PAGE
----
CONCORD – The House voted Wednesday to do away with energy efficiency programs for municipalities and the poor, and instead return the money to electric customers.
House Bill 208 originally would have repealed the Regional Greenhouse Gas Initiative program, but was changed by the House Science, Technology and Energy Committee to retain the emissions reduction program, but use all the money generated by emission allowance auctions as rebates to electric customers.
Currently, 80 percent of the estimated $16 million generated by the auctions this year goes to ratepayers while the remaining 20 percent to energy efficiency programs for the poor and municipalities.
The House voted down an attempt to retain the current allocation, 197-158, before approving the bill, 201-154.
Sending all the money back to electric customers would prevent everyone from saving on their energy costs, said former committee chairman Nadia Kaen, D-Lee.
She and others argued the state could leave the program, but would continue to pay added costs and fail to reap the economic benefits. They said the program has been tremendously successful, saving electric customers money, reducing air emissions while creating jobs through the energy efficiency programs. And they said the municipal efficiency programs save money for property taxpayers, and with the low-income projects help reduce the need to build new power plants, which will increase electric rates.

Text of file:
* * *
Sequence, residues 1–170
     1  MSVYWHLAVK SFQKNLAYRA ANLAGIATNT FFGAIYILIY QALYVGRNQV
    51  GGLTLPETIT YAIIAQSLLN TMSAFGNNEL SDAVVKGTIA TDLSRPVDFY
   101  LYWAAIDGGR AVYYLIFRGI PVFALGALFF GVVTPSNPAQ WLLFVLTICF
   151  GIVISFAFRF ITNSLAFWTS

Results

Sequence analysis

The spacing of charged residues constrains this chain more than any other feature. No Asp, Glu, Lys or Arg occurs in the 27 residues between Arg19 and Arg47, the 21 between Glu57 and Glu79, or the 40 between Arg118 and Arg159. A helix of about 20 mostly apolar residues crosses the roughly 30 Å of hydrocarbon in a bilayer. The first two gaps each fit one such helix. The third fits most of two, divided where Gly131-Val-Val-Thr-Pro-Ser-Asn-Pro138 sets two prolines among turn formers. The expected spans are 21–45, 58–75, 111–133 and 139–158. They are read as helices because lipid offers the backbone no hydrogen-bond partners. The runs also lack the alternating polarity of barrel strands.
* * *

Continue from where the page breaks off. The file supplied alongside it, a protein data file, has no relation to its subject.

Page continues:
“Energy efficiency is the lowest cost and most beneficial action we can take,” said Rep. Robert Backus, D-Manchester, “because we do not need to build new power plants.”
He noted the only people in favor of repealing the program at the public hearing was the sponsor of the bill, and the Koch brothers’ paid representative in New Hampshire.
But proponents of sending all the money to customers said people should be able to choose how to spend the money and government should not be picking winners and losers.
“RGGI amounts to a tax on every kilowatt hour you buy. The government will take more of your hard-earned money in a hidden tax,” said Rep. Michael Vose, R-Epping. “There are many other sources for energy efficiency efforts besides RGGI.”
Others argued returning the money to ratepayers will be a step in the right direction of lowering electric rates, which are some of the highest in the nation.
“Electric costs are a major impediment to economic growth in New Hampshire,” said House Majority Leader Jack Flanagan, R-Brookline. He said the bill is also a meaningful step toward controlling and reducing energy costs in the state.
The bill now goes to the Senate.
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